This blog is for those 18 and older.

Sunday, March 11, 2012

Guest Author: Linda Andrews

What makes a hero?

It really depends on the story being told and the author telling it. When I set out to write Blue Maneuver, I knew that there'd be two men in the heroine's life. Each would try to win the heroine's trust and maybe something more.

Viktor arrived on the scene first. He's smooth, handsome and cultured. When he first meets Rae (my heroine) she's injured and he plays doctor. Of course, he's a horrible flirt but he does carry her from the park to her home. It's a sigh-worthy moment and for Rae a dream come true when he asks her to dinner.

This is her ideal man. The man she'd secretly been stalking. She's walking on Cloud Nine when she meets Tobias.

Tobias is in many ways Viktor's opposite. He wears battle scars on his body and is shackled by the memories and loss engraved on metal bracelets he wears on his wrists.  Where Viktor charms; Tobias is a soldier used to violence solving his problems. Where Viktor exudes culture and education; Tobias is rough (sometimes crude) and street smart. His threat to kill Rae upon their meeting is a vast cry from a dinner invitation.

So here are two standard archetypes: The polished leader/charmer and the ultimate bad boy/protector.

Both are men of honor and stand for justice. And they're completely ruthless in the pursuit of their goals. They're even willing to sacrifice their lives and Rae's to achieve them. Of course, neither is ready to die just yet, and both save Rae even as they gamble with her life.

Since the romance is more of a love triangle, who Rae actually prefers will change over time. You see the two men are on opposite sides of an intergalactic battle and Viktor is on the wrong side. For now. But time changes everything. Right now, Rae's having difficulty convincing herself she's attracted to a bad guy, Viktor. Then there's Tobias who draws her close even as he pushes her away.

Eventually, she'll have to decide on one man. Eventually, one man will be so focused on his goals that he'll destroy whatever feelings she has for him. But that is far, far away. Until then she's enjoying the attention of two very different men, both who want her but are using her too.

What is it that attracts you to a hero? At what point does he stop being heroic and starts being a jerk?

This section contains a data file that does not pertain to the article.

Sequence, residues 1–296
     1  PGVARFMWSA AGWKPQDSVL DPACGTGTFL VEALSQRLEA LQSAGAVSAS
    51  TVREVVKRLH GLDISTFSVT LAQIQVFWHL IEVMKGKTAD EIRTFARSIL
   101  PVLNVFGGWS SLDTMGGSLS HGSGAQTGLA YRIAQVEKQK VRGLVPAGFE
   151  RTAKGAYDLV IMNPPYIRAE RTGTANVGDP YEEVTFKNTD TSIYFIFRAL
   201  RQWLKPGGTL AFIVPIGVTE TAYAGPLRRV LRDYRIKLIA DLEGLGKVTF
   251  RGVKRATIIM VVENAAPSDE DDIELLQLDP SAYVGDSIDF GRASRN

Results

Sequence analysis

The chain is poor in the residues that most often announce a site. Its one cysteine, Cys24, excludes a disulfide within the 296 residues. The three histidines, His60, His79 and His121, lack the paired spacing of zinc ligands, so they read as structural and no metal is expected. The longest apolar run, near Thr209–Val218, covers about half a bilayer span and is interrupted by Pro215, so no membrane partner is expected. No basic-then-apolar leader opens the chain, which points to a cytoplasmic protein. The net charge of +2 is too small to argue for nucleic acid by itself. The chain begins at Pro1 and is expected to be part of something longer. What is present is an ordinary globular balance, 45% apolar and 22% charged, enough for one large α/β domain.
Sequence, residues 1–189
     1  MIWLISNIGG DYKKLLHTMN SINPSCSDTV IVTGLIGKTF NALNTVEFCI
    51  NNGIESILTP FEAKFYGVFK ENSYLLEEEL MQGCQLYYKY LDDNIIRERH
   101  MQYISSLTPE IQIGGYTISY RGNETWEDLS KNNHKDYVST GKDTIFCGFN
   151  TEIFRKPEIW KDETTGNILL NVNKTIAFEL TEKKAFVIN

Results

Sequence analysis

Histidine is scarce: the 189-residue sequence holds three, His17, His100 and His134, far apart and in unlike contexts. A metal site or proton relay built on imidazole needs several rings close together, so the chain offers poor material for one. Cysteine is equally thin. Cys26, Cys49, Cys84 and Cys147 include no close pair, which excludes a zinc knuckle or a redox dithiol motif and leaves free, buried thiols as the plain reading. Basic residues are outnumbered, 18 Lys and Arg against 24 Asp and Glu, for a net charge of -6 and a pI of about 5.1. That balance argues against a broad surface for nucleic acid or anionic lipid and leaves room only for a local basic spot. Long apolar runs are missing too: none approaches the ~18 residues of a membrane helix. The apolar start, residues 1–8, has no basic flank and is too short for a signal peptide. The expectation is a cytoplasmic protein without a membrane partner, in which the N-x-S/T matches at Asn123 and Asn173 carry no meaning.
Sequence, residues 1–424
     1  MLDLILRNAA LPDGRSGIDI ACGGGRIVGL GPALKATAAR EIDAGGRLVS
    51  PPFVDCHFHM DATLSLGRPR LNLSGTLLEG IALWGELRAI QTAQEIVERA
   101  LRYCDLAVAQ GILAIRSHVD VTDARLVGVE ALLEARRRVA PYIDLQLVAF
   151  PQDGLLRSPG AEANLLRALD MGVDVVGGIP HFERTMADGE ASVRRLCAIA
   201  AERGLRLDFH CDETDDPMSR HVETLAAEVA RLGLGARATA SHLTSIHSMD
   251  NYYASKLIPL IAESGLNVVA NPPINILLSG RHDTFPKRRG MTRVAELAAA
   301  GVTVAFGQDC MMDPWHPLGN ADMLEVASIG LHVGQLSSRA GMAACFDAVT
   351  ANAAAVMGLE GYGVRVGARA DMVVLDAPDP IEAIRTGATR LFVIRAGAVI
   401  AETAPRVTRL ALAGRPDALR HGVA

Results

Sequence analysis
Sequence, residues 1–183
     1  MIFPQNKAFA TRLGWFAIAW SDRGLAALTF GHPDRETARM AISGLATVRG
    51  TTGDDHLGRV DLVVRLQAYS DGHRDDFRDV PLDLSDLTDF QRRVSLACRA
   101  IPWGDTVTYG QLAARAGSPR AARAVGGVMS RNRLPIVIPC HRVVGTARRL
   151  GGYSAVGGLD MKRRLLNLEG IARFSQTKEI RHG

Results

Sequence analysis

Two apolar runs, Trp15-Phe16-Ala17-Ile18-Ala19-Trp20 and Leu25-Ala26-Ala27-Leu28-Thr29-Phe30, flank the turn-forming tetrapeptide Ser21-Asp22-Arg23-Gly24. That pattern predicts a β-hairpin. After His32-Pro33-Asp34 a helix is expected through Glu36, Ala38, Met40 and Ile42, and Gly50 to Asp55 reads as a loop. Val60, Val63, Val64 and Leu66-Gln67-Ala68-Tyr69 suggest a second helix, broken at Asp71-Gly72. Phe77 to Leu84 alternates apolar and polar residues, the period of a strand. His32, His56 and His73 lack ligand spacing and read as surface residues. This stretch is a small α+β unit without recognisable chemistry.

The extraterrestrials have landed and they're human.
Rae Hemplewhite didn't believe in aliens until a close encounter with out-of-this-world technology drags her into the extraterrestrial security program. Helping alien refugees adjust to life on Earth is difficult enough, but her first clients have a price on their heads. Plus, her new partner seems torn between the urge to kiss her or kill her. 
And that's the good news.
The bad news: Alliances are forming in deep space. If Rae doesn't keep her witnesses alive long enough to transfer their top secret information to the right faction of humanity, Earth will become a battlefield. 

Blue Maneuver available now:

Comment for a chance to win Blue Maneuver!


  1. Hi Linda, First I have to say I LOVE your cover. Second, I would hate to be in Rae's shoes. I'd have a hard time choosing!

  2. Linda,
    In answer to your question, I have always had a weakness for bad boys (married one), but they have to have that something extra. Humor. They must be able to laugh at themselves as well as make me laugh too. Most of the bad boys I've met actually had hearts of gold hidden beneath that rough, tough exterior.


  3. Hi Alexis and Marie! Thanks for having me today. I agree about the sense of humor. One of the things I love best about my husband is his ability to make me laugh no matter how much I want to cry.

  4. Both these characters sound like good heroes.


  5. Hi Linda,
    Great cover and intriguing triangle plot. I tend toward the good guy and if he's a bad guy who becomes good, that's even better. Esp if the heroine is the reason he changes his ways. Does that mean that I want to control my man? lol. Must be some deep psychological undertone there, cause in 30+ years of marriage, that hasn't happened at this house, teehee.

    Congrats on the book.

    1. Hi Lyn. I don't think it hides any deep psychological undertone, I think that's just a consequence of being married:-) I often tell my husband to look into my eyes, trying to will him into doing something. It's easier if there's ice cream involved.

  6. Great idea, Linda! I haven't recently read a romance involving two men after the same woman. I really like it when I don't know which one "gets her" until far into the story.
    Let's see... what I like in a hero is a man with a strong body and mind, yet he never uses his strengths against his girlfriend, only for her.
    Your other question...I think a guy's a jerk when he has a "psychotic" personality. In other words, he's nice or a "dickhead" depending on his own mood and his girlfriend is expected to put up with him.
    And now your question:) What made you choose to right a future/paranormal romance? Do you ever wish you lived in your future world?

    1. Hi Dawn,

      I completely agree about the use of strength. As for why I write futuristic/paranormal romance, all I can say is I write the story of the characters that speak the loudest in my head. I would definitely love to live in some of those places but I could do without the conflict.:-)

  7. I love your archetypes. I find the use of them in writing just fascinating. Your book sounds wonderful!

    1. Thanks Laura, I love archetypes especially when they're a blend of two or more. Characters should be complex like people, plus you get a few more surprises that way:-)

  8. Hi again, Linda! I agree, not wanting the conflicts of the future. It's almost frightening what I think I might run into in my real future. Although, I'm sure your characters wouldn't like our present day conflicts either:)
    Keep up the great writing!!!